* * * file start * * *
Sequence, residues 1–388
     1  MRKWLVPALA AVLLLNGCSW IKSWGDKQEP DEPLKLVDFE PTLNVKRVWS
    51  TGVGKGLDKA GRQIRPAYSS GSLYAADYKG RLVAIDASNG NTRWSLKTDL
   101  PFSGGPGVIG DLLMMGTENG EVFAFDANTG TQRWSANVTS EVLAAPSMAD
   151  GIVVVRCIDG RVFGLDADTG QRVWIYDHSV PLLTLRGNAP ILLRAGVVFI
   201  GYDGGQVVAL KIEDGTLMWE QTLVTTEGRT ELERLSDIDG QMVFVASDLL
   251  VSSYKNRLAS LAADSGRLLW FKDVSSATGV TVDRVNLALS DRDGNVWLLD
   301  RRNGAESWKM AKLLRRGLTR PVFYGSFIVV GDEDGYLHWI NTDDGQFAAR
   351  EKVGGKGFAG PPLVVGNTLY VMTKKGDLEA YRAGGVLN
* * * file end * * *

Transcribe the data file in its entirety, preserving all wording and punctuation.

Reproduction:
Sequence, residues 1–388
     1  MRKWLVPALA AVLLLNGCSW IKSWGDKQEP DEPLKLVDFE PTLNVKRVWS
    51  TGVGKGLDKA GRQIRPAYSS GSLYAADYKG RLVAIDASNG NTRWSLKTDL
   101  PFSGGPGVIG DLLMMGTENG EVFAFDANTG TQRWSANVTS EVLAAPSMAD
   151  GIVVVRCIDG RVFGLDADTG QRVWIYDHSV PLLTLRGNAP ILLRAGVVFI
   201  GYDGGQVVAL KIEDGTLMWE QTLVTTEGRT ELERLSDIDG QMVFVASDLL
   251  VSSYKNRLAS LAADSGRLLW FKDVSSATGV TVDRVNLALS DRDGNVWLLD
   301  RRNGAESWKM AKLLRRGLTR PVFYGSFIVV GDEDGYLHWI NTDDGQFAAR
   351  EKVGGKGFAG PPLVVGNTLY VMTKKGDLEA YRAGGVLN